Large AWS sign. Amazon Web Services (AWS) is a subsidiary of Amazon that provides on-demand cloud computing platforms for its customers

Amazon Web Services launches $100M fund for generative AI startups

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Amazon Web Services (AWS) has announced a $100 million fund to support startups experimenting with generative artificial intelligence (AI) in a bid to increase its presence in the burgeoning industry.

Dubbed the AWS Generative AI Innovation Center, the fund is designed to connect machine learning (ML) AWS AI experts with a global customer base to fuel the design of new generative AI projects.

“The Generative AI Innovation Center is part of our goal to help every organization leverage AI by providing flexible and cost-effective generative AI services for the enterprise, alongside our team of generative AI experts to take advantage of all this new technology has to offer,” said AWS Senior Vice President of Sales Matt Garman.

Generative AI has taken the world by storm following the launch of Midjourney, ChatGPT, and Google’s (NASDAQ: GOOGL) Bard, given their extensive abilities in creating new content from scratch. While the AI industry is expected to reach a valuation of $15 trillion by 2030, McKinsey reported that generative AI has the potential to add as much as $4 trillion to the world’s economy each year.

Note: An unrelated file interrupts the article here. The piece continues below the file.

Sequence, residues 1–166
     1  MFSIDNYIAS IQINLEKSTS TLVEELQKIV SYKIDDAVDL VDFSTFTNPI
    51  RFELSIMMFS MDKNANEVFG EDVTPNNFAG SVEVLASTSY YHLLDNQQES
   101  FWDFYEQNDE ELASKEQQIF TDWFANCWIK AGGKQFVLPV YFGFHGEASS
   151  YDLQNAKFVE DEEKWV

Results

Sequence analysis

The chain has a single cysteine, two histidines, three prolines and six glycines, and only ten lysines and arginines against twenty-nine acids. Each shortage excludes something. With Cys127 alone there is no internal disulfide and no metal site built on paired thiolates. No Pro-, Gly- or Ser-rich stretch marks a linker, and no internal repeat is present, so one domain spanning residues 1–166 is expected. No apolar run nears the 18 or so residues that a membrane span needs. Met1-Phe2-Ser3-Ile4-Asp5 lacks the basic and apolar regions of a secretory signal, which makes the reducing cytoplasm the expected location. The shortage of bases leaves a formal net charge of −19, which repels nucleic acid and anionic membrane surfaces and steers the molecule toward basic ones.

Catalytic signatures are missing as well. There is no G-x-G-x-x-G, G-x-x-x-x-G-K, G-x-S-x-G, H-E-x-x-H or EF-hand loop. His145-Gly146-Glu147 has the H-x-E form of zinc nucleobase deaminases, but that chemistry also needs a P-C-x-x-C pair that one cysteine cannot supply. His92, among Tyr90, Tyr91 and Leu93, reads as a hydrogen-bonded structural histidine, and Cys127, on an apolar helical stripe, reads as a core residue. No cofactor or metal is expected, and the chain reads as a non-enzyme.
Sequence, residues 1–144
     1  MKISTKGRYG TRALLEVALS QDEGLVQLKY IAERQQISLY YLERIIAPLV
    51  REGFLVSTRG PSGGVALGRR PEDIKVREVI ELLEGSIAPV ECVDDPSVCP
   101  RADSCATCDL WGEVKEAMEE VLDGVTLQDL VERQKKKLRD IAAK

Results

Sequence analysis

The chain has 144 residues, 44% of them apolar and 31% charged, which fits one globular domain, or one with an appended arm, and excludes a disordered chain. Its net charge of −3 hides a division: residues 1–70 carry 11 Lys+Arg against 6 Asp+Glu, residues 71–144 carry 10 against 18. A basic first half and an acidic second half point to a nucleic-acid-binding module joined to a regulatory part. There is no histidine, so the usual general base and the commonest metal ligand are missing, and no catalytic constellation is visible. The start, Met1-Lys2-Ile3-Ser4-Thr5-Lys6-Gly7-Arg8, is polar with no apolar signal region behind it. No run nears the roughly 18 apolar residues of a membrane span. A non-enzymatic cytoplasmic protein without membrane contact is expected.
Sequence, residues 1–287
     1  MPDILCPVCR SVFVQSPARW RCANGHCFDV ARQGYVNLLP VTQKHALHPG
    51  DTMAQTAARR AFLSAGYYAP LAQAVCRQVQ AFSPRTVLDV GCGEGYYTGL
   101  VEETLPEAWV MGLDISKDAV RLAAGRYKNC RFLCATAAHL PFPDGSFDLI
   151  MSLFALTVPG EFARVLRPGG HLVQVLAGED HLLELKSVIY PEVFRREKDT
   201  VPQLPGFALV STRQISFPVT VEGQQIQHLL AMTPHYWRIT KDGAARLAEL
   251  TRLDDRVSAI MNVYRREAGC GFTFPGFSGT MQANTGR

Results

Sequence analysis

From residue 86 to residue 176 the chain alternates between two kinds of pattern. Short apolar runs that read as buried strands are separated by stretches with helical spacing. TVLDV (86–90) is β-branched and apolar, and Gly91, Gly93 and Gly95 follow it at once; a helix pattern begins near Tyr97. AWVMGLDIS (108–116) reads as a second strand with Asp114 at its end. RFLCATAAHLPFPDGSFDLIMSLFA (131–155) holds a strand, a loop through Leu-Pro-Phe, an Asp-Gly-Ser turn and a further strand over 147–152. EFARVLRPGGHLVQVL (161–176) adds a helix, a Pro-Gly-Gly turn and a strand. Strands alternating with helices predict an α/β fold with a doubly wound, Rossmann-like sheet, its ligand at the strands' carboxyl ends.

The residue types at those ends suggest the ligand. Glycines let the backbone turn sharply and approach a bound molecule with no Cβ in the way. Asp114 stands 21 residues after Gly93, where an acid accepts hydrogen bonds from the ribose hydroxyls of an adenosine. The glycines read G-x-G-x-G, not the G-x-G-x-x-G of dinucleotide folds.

The cloud-computing service provider disclosed that it would give a premium to solutions building in financial services, life sciences, healthcare, energy, and telecommunications. AWS states that the new fund is also designed to improve the state of its existing generative AI platforms for its customers.

The company’s range of AI tools includes Amazon (NASDAQ: AMZN) Bedrock, Amazon Titan, and Amazon CodeWhisperer, an AI-based coding companion.

“Amazon has more than 25 years of AI experience, and more than 100,000 customers have used AWS AI and ML services to address some of their biggest opportunities and challenges,” Garman said.

The $100 million AI fund comes on the heels of its 10-week program for generative platforms dabbling in foundational models, culminating in the launch of Amazon Bedrock. The new service allows firms to experiment with AI platforms using foundational models without the additional requirement of managing infrastructure.

Jostling for the top spot

Since the start of the year, several Big Tech firms have joined the race to play a leading role in developing AI firms. Google launched Bard to rival OpenAI’s ChatGPT, while Advance Micro Devices (AMD) unveiled a new AI chip to snag a piece of Nvidia’s market share.

Seeking to leverage its first-mover advantage, OpenAI launched a cybersecurity grant program for firms leveraging AI amid concerns about ChatGPT’s impact on digital assets, education, finance, and mass media.

OpenAI CEO Sam Altman met with global regulators as part of a cross-continental tour seeking to ensure regulatory compliance for his firm amid mounting criticisms in Europe.

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